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[]         AT A CERTAIN POINT (before there is a vaccine) CUSTOMERS WILL BE ALLOWED TO RETURN TO RESTAURANT DINING ROOMS: Terrific! When that occurs we will be able to go back to business as usual – right? Oh, but what if customers don’t want to return to dining rooms? What if they (rightfully so) are still nervous about being in public groups while the virus is still flourishing? How do we rebuild trust – not just in returning to our restaurant, but even more importantly – to restaurants as a whole? Where is the leadership coaching on that?

[]         WE ARE ALL IN THIS TOGETHER: Yep – I have heard that many times before – so why does it feel like we are on our own? Why are there mixed messages from state to state and community to community?   Why are we given guidelines yet no one seems intent are really enforcing them? Why is each restaurant struggling with how to manage the need for safety vs. the need to generate revenue? Why is there no universal strategy that helps restaurants collectively walk through the process of re-opening with confidence and uniformity? If we are all in this together, why are we so far apart?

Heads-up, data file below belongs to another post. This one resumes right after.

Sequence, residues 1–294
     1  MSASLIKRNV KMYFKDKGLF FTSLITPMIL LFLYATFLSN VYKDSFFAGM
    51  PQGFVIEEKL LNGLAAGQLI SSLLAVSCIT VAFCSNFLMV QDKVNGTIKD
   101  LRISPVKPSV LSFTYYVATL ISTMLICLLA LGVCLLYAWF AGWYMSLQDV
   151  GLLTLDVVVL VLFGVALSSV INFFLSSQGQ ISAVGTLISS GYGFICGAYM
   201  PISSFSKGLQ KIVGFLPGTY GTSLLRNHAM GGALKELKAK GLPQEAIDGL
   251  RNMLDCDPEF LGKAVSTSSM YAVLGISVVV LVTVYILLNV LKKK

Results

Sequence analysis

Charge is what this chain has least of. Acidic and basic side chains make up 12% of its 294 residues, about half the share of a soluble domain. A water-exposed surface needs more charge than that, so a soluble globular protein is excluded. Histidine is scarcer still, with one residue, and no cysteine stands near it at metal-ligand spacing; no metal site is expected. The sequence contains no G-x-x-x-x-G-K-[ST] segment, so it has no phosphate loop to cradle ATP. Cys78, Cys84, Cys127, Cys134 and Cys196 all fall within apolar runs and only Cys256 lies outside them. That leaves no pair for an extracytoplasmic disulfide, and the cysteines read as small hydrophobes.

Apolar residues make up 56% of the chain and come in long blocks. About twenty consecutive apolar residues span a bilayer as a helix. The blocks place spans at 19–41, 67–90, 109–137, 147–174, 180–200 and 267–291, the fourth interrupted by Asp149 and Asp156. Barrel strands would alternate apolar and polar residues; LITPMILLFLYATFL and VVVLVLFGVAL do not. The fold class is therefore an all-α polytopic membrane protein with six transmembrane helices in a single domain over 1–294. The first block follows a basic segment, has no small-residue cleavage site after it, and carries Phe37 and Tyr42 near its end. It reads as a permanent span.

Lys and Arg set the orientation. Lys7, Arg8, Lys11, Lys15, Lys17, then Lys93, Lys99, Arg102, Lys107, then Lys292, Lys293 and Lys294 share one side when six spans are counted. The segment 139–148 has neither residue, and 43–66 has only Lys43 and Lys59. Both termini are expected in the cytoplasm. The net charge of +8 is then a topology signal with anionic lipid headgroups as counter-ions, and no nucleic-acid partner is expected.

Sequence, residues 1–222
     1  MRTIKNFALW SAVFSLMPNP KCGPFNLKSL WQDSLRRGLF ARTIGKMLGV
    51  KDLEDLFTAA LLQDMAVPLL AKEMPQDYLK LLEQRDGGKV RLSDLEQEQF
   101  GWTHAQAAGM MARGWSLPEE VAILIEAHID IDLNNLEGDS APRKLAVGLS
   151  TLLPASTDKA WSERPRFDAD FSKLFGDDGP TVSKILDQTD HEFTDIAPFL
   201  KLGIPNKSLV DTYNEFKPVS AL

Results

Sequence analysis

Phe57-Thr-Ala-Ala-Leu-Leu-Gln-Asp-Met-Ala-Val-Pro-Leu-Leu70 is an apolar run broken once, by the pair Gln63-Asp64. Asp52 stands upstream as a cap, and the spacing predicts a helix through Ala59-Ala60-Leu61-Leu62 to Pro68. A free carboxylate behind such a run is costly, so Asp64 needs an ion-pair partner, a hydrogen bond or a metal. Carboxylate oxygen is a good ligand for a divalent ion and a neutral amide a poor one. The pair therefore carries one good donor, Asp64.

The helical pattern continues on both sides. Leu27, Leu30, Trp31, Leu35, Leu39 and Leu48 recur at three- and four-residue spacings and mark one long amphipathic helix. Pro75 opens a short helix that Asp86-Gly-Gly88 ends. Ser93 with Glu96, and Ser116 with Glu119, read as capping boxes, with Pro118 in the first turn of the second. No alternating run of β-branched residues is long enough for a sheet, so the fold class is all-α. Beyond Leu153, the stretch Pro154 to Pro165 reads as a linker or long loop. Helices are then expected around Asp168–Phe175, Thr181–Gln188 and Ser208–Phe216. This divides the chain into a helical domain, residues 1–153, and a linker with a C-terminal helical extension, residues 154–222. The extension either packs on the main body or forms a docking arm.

Re-opening restaurants when there is no resolution to this invisible threat is risky business. It scares restaurant owners to death – as it should.   The last thing in the world that anyone wants is to create a pool of infection that threatens the very customers who have helped a restaurant through tough times before. The answer cannot be: “Every man for himself”. The answer must be collective agreement on the best way to move forward for the safety of all involved and the financial health of the business. We know that the only tools that we have right now are physical distancing, wearing masks, and washing hands and surfaces extremely well – but is that enough to build trust in a return to business?